Coordinates: Lat 45.510310°N, Long 65.164259°W
Description: This is the next major river flowing into the bay going east from the Quiddy River. It is also barred by a sand and cobble spit caused by longshore drift, but is much smaller than the one at the mouth of the Quiddy River that gives rise to the beach that connects to Martin Head.
Nature Notes: There is ample evidence here of the river’s use as an important logging area in the past.
Coordinates: Lat 45.398944°N, Long 65.453444°W
Description: A 15m high, veiled-type, two-tiered waterfall. It is located about halfway between the western entrance gate and the interpretation centre at Big Salmon River on the Fundy Trail Parkway, east of the village of St Martins.
Nature Notes: This waterfall is very picturesque and a real treat to visit. Moss-festooned and well-forested, it is found along the easily accessible Fundy Trail Parkway. A cable stairway descends into the gorge and this provides ample viewing opportunities of the feature. More information and images of this waterfall can be found on the Waterfalls of New Brunswick website at:
Links: Waterfalls of New Brunswick
Image by Merv J. Cormier
Coordinates: Lat 45.490209°N, Long 65.296056°W
Description: This area of narrowing of the Walton Glen Brook with its sheer rock faces and delicate, moss-festooned crevasses are both visually spectacular and biologically fragile, with the best-known part of it comprising a 30m high, 3m wide cleft in the canyon carved out by glaciers thousands of years ago. This site is the beginning (or the end, depending on your perspective) of the 900 m long area known as the Walton Glen Canyon!
Nature Notes: Although much of what makes this area remarkable is the geology and landscape, another equally interesting yet much more subtle story has to do with the vegetation growing here and there on the rock faces and in the crevasses of the site. They tell a story of precarious survival, as the plants and mosses covering some of the rock have eked out an existence over eons on what is very paltry and difficult soil and lighting conditions. Some of the species growing here are more arctic in their normal distribution and are likely remnants from the last ice age. As this area is prone to rock fall and erosion, it is strongly encouraged not to go climbing all over the area and affecting the delicate balance between the soil, moss, dwarfed trees and other vegetation growing in some cases right out of the rock face. Please remember to leave no trace of your passage and enjoy all of the amazing beauty of the place!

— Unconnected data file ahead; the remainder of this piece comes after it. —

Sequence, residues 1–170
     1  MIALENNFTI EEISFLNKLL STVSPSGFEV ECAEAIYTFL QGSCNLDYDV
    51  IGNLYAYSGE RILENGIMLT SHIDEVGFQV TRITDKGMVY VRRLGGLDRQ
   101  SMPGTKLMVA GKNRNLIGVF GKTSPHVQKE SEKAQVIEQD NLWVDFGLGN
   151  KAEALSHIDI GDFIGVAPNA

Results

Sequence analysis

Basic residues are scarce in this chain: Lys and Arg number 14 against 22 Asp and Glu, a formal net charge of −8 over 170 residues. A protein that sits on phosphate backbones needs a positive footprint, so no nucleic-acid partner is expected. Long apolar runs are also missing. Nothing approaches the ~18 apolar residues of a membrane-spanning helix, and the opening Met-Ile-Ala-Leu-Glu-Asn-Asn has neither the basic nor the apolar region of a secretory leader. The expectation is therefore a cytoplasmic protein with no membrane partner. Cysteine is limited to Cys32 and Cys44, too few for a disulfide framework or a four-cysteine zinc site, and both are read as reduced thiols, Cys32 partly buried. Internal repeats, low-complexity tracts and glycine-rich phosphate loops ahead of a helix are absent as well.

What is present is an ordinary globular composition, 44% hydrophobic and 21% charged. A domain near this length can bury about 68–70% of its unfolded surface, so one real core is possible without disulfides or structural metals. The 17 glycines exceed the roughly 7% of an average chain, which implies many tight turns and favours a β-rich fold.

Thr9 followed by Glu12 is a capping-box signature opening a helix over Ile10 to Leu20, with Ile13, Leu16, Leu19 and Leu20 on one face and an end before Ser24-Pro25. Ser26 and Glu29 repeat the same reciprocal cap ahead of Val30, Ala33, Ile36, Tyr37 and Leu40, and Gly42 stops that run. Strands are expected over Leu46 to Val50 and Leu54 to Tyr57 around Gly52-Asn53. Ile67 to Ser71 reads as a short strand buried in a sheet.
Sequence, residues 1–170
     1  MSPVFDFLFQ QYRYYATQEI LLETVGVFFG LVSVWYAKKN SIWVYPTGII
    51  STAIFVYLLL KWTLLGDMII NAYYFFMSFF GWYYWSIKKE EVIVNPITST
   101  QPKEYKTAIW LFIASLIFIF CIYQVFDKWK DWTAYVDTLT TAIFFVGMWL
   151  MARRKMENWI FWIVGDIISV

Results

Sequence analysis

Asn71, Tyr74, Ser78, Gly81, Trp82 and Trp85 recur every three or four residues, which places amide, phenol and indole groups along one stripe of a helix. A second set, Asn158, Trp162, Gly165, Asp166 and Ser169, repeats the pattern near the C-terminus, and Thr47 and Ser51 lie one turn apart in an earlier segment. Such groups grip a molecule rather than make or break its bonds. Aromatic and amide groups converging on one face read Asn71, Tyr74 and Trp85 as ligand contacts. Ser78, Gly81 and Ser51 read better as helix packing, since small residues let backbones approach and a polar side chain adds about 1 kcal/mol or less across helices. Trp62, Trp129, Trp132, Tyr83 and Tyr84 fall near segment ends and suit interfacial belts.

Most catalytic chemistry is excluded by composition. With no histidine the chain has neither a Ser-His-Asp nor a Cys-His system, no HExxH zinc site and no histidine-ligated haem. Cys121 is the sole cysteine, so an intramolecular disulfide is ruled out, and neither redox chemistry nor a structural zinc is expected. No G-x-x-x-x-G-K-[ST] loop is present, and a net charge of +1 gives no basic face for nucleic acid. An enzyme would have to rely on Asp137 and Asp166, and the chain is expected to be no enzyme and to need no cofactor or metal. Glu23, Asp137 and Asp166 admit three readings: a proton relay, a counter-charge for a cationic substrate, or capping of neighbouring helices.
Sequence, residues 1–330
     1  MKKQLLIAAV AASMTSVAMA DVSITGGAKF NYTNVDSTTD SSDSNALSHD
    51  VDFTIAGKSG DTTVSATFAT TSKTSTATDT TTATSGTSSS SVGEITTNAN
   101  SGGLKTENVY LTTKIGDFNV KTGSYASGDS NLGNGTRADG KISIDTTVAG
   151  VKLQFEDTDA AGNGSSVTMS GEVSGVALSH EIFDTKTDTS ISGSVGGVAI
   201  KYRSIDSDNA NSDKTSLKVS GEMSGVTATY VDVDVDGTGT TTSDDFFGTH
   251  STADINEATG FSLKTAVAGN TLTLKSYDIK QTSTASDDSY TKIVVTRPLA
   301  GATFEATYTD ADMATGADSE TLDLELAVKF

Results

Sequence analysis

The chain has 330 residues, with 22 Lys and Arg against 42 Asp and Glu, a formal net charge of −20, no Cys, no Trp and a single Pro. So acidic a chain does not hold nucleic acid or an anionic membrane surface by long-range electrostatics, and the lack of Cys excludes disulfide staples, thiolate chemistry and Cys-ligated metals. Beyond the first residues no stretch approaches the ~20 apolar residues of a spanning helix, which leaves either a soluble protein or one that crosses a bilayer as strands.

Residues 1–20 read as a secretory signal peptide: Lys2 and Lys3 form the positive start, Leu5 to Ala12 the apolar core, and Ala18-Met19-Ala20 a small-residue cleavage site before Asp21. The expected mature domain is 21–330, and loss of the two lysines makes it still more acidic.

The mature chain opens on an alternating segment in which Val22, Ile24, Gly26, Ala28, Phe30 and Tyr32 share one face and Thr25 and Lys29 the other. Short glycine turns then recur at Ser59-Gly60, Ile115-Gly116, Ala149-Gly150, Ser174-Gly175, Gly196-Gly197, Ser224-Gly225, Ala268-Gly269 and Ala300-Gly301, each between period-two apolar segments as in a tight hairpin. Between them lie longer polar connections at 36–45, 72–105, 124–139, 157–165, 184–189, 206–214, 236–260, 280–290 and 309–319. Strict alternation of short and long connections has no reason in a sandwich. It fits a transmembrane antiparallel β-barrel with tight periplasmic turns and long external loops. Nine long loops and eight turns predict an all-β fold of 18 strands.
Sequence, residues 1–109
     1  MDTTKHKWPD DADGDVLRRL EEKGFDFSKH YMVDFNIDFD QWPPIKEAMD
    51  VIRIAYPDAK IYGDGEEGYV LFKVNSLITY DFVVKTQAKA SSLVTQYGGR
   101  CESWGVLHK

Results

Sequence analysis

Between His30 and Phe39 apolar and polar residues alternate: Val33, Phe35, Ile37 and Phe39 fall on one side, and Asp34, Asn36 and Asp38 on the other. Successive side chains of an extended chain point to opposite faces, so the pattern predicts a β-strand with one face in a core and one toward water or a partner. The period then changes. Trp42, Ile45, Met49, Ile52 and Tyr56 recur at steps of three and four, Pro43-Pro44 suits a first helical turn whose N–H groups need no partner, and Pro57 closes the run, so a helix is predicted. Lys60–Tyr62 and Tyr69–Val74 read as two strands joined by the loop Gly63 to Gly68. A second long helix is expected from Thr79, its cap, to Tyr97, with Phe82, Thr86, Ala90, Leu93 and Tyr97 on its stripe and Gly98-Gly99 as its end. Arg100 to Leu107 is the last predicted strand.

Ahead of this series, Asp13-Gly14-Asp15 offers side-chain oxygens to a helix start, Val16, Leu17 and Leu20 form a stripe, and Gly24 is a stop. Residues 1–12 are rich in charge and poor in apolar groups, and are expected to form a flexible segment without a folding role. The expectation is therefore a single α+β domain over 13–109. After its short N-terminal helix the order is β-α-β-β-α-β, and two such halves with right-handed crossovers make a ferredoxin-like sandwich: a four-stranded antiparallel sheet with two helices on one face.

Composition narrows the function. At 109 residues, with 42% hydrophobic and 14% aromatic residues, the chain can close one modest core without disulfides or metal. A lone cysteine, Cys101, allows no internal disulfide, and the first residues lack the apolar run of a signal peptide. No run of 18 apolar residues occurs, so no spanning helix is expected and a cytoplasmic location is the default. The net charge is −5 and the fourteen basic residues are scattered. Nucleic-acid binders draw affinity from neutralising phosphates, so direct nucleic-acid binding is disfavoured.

Image by Graham Waugh
Coordinates: : Fossil dune site 1 (nearest Martin Head) Lat 45.492870°N, Long 65.203897°W; fossil dune site 2 Lat 45.493345°N, Long 65.208578°W
Description: A very interesting geological formation, clearly showing fossilized sand dunes in alternating bands of colour.
Nature Notes: There are two sites. Both are nearer to Martin Head than to Telegraph Brook. These outcrops of Triassic sedimentary rocks from the Fundy Group are similar to those found in St. Martins and Red Head and are over 200 million years of age.
Image by Ben Phillips
Coordinates: Lat 45.657487°N, Long 65.014776°W
Description: A steep trail leads through mostly mixed wood forest down to the sculpted bed of the Broad River.
Nature Notes: This trail was named after a logger’s portage. At the river end of the trail, one can follow the river upstream to link up with the Laverty Falls Trail and loop back to the common trail head. Where the Moosehorn trail reaches the river, interesting depressions carved in the stone alongside the river can be seen mostly downstream towards The Forks. These water-filled potholes were carved out by the scouring of pebbles, swirling in eddies caused by the intense, rapid flow of the river in this steeply inclined section of the river. This is where the river transitions from the slow flow plateau sections of the river to the much steeper gorge, so could be characterized as the “gateway” to the rougher, white water sections of the river. Here, the river banks are comprised mostly of smoothed river bank rocks mostly devoid of vegetation. The surrounding landscape is a deeply incised, v-shaped gorge.
Image by Matt Smith